4. 4. 104 Wendy Swift et al. Ÿ those with respiratory or cardiovascular disease, whose conditions may be aggravated by use; Ÿ those with a co-morbid disorder: the co-occurrence of two or more substance use disorders (e.g. cannabis and alcohol use disorders), or substance use and other mental health disorders (e.g. sub- stance use disorders and anxiety or depression) is relatively common [40]. In general, those with co- morbid disorders have been shown to experience greater disability and poorer outcomes than those with a single disorder[e.g. 40,41]. Those with schizophrenia may be particularly susceptible to the effects of cannabis. There is evidence that use may exacerbate psychotic symptoms in those with the disorder, and long-term, heavy use may precipitate schizophrenia in vulnerable individuals[33]. Health-related harm reduction There are a number of strategies aimed at reducing the harms associated with the adverse health outcomes listed above. Some may be more orientated to reduction or cessation of use, while others target the reduction of specific harms without necessarily entail- ing major changes in frequency or quantity of use. Harm reduction tips have been produced in many formats and from such diverse sources as drug and alcohol and generalist health services, user groups, Dutch —coffee shops˜and the police service. While a key challenge is to develop appropriate messages, in acceptable media, for relevant target groups, some broad HR tips pertinent for the probable harms cited above are listed below. The most obvious advice in order to avoid harm is not to smoke. However, this is not necessarily acceptable or desirable to many users, who may simply wish to minimize the risk associated with use. It is important not to underestimate the benefits cannabis use is perceived to provide (e.g. relaxation,—time out˜), which may be powerful motivators for continued use despite the simultaneous recognition of cannabis-related prob- lems. Some users perceive cannabis use to be a form of harm reduction in itself, because they believe that it creates less problems for them than other drugs such as alcohol[42,43]. First, as with other drugs, information is the first weapon against harm. It is well known that knowledge does not necessarily ensure behaviour change. How- ever, the provision of accurate and empirically based, non-sensational, timely and acceptable information on the probable risks associated with short- and long-term cannabis use is a vital aid for users making informed decisions about whether, or how, to use cannabis, and when use might be becoming a problem. Adverse psychological effects. If users are prone to experiencing anxiety, paranoia and panic when smok- ing, the best advice is not to use. For those who choose to continue smoking, setting limits on the amount smoked, not mixing cannabis with drugs that could heighten such feelings and smoking in a safe environment with trusted friends who can provide reassurance, may limit their occurrence or the severity of their effects. It is important for users to be aware that for most, such unpleasant feelings will pass. Those who are schizophrenic or are prone to psychotic symptoms need to be aware of the possibility of exacerbating such symptoms or precipitating a schizo- phrenic episode. While limiting use may alleviate minor psychological discomfort in most users, in this group abstinence is the most advisable HR measure due to the serious and distressing nature of symptoms. Psychomotor impairment. While the extent to which cannabis is implicated in accidents is debated, any psychomotor impairment may decrease the likelihood of coping successfully in an unexpected situation or emergency, putting the user and others at risk. Again, users should be advised not to smoke before driving a vehicle or operating machinery, especially if the task is unfamiliar or requires sustained attention. In partic- ular, they should be advised against mixing cannabis and alcohol in this context. Users should also be aware of the potential of experiencing a —hangover˜ the morning after a heavy smoking session. A controversial strategy aimed at reducing poten- tial harms arising from drug-related impairment and increasing work-place productivity is drug testing. This policy has been criticized by some commenta- tors [e.g. 44], who argue that it measures drug exposure rather than actual impairment, there is little baseline information on the prevalence of substance use and substance-related impairment in the work- place on which to base its application, and little evidence that drug testing actually increases safety or productivity. Given the retention of cannabis in body tissue for up to several weeks, such testing is not an accurate reflection of use recency or impairment. While such programmes may provide benefits by acting as a deterrent to drug use for some [44], these must be traded against potential social costs (e.g. loss of employment) which may be consequent to testing.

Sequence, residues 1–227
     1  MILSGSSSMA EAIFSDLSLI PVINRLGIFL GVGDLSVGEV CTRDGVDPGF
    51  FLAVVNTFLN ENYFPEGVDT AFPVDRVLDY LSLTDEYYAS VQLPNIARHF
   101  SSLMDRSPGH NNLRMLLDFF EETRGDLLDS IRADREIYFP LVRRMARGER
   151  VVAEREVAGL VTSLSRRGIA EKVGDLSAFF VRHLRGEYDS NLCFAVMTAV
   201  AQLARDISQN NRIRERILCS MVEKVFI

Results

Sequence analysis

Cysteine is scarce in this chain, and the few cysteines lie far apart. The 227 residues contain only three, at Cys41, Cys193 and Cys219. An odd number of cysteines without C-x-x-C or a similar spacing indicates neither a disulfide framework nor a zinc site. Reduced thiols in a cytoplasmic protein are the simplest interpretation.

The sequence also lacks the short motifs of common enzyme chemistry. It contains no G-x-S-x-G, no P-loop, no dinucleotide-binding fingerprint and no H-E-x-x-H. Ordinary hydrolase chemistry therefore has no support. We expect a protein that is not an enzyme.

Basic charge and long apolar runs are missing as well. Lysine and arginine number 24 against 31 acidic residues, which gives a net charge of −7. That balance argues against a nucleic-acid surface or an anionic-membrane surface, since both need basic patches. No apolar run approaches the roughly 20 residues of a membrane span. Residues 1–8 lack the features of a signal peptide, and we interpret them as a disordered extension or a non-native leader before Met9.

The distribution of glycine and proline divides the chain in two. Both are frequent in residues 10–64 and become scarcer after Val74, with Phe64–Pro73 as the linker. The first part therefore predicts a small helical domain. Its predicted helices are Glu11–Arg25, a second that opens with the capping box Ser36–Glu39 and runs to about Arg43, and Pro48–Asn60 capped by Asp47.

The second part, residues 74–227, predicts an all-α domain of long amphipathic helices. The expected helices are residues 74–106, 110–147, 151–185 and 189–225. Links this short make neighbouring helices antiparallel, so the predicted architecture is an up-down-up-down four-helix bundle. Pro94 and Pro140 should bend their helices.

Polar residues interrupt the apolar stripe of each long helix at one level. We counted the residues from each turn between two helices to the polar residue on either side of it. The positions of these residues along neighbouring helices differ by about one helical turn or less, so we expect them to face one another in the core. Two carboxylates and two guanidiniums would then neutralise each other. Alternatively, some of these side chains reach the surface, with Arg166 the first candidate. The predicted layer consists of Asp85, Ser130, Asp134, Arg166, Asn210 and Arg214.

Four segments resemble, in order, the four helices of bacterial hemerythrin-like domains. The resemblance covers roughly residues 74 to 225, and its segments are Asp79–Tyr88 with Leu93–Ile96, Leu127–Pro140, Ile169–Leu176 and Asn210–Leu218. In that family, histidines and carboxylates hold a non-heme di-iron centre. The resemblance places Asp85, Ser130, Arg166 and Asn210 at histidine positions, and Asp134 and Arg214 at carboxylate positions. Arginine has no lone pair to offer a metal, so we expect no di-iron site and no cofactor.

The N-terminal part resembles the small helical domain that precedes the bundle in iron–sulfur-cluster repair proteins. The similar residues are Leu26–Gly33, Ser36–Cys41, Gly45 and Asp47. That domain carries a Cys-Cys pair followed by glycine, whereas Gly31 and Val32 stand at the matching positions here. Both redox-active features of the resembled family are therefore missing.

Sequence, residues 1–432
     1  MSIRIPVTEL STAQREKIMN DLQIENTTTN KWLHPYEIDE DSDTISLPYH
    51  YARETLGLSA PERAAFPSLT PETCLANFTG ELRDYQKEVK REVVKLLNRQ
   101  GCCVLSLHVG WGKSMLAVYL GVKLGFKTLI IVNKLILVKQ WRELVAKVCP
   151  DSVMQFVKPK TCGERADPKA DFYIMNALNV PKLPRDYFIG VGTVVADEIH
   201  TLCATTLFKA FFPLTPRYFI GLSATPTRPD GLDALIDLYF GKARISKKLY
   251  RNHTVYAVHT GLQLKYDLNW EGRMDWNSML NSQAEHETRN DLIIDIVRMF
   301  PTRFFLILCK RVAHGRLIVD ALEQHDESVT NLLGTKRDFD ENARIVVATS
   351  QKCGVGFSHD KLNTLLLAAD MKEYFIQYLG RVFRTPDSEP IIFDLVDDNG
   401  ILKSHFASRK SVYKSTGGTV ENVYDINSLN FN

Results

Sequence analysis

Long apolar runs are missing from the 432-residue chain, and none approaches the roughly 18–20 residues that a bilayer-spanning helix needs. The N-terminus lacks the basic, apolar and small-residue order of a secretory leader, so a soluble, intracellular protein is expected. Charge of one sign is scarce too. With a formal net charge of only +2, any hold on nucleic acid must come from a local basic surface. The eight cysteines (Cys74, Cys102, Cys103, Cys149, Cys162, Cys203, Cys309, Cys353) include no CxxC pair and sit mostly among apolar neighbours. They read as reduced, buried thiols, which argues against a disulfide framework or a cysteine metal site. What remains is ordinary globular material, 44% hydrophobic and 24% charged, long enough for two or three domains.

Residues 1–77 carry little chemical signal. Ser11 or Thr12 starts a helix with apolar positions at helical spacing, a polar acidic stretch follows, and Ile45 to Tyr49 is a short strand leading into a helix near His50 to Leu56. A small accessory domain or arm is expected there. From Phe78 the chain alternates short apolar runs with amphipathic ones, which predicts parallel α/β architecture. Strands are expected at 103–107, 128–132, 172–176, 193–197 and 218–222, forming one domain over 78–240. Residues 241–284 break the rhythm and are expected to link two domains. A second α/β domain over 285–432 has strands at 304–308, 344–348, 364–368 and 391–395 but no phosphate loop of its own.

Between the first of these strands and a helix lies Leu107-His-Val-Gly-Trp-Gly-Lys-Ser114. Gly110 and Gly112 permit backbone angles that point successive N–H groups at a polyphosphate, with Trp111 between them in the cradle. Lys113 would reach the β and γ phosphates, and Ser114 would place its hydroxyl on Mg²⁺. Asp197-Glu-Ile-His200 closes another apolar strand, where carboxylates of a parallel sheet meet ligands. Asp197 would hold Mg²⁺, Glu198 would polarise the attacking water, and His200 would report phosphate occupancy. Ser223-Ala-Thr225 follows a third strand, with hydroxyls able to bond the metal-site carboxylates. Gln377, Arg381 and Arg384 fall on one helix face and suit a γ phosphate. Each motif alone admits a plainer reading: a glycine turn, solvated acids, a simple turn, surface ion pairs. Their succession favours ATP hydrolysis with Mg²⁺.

5. 5. Harm Reduction Digest 8 105 Respiratory harm. The risk of spreading infectious disease such as influenza can be decreased by not sharing joints and bongs and cleaning smoking equipment regularly. Eating cannabis or drinking cannabis tea will eliminate smoking-related harms. This recommendation may not be readily accepted because it is difficult to titrate the dose when consumed orally, and patience is required for the onset of effects which are less predictable than when smoked [20,45]. As most users prefer smoking, harm may be reduced by avoiding mixing with tobacco, smoking joints rather than waterpipes and avoiding inhaling deeply. Vaporizers, which heat (rather than burn) the cannabis and trap toxins inside the apparatus, are a potentially viable alternative to the most commonly used smoking devices. However, it has been suggested that they may not be as efficient at delivering THC as other smoking routes, and that users may need to ingest more smoke to achieve the desired intoxication [46]. It has also been suggested that smoking higher-potency cannabis may reduce the amount of smoke inhaled because users would become intoxicated more quickly[e.g. 46]. There is mixed evidence that cannabis users are able to titrate the amount of THC by varying their smoking techni- que[e.g. 47,48]. The health effects of an increase in THC potency are unknown; however, it is possible that any potential respiratory benefits of this technique may be offset by an increase in adverse effects (e.g. psychological effects)[13]. Cognitive impairment. The impairment associated with chronic use may be very subtle and not easily extrapolated into everyday situations. However, impair- ments of attention and memory suggest that, if users are concerned about the impact of regular smoking on their daily performance and interactions with others, they seek assistance to moderate their use, or at least limit their consumption the night before an important or unfamiliar task. Again, they should be aware of the —hangover˜effects cannabis can produce. Dependence. On the basis of epidemiological lit- erature, approximately one in 10 people who have ever tried the drug meet criteria for dependence. This risk increases with frequency and duration of use, with daily or near-daily users at highest risk of becoming dependent [19]. While it is important not to overstate the risk of developing dependence, users need to be aware of this possible consequence of sustained, regular use. Cannabis dependence has often been trivialized as of little clinical relevance, and while many users can control their use without help [e.g. 42,49], some experience significant problems and seek pro- fessional assistance to reduce or cease use. Users prefer [49], and need to be aware of, a range of intervention options. HR strategies will vary accord- ing to how entrenched use patterns and associated problems have become, and the goals of the individual concerned. Self-help materials, some of which use a cognitive behavioural approach, have been developed to assist in this process [e.g. 50]. They may include tips on how to manage withdrawal symptoms; removing associated paraphernalia such as mull tins and bongs; monitoring cues to use and planning appropriate alternative activities and responses; and relapse prevention tips. Although plausible, none of these materials has been evaluated independently. There has been little systematic development of more comprehensive interventions designed for canna- bis dependence, with many being adaptations of alcohol interventions [e.g. 51,52]. Marijuana Anony- mous (MA) is a developing programme in the United States but has not been established successfully in Australia. Controlled trials of cannabis interventions have used aversion therapy [53] and supportive expressive psychotherapy [54] and, as with MA, their efficacy has not been clearly established. A randomized controlled trial of cognitive behav- ioural therapy (CBT) for cannabis dependence [55] compared group-delivered CBT with a basic skills training approach, both of which were tailored specifically for cannabis dependent clients. At 12 months follow-up there were substantial reductions in number of days of cannabis use and cannabis problems, compared with pretreatment, but no differ- ences in rates of abstinence (14.5%) between the two treatment groups. Abstinence rates were comparable to those reported for the alcohol [56] and tobacco smoking cessation[57] fields. This research offers a promising, empirically verifiable approach to the treatment of cannabis dependence, and clearly war- rants further investigation. A recently completed Australian randomized con- trolled trial of 229 severely dependent cannabis users evaluated an individualized CBT approach [58]. Participants were assessed and randomized to: (a) a six-session intervention package incorporating a moti- vational interview and a standard relapse prevention intervention; (b) a one-session version of the more intensive intervention with a self-help booklet; and (c) assessment and placement on a 24-week waiting-list control group.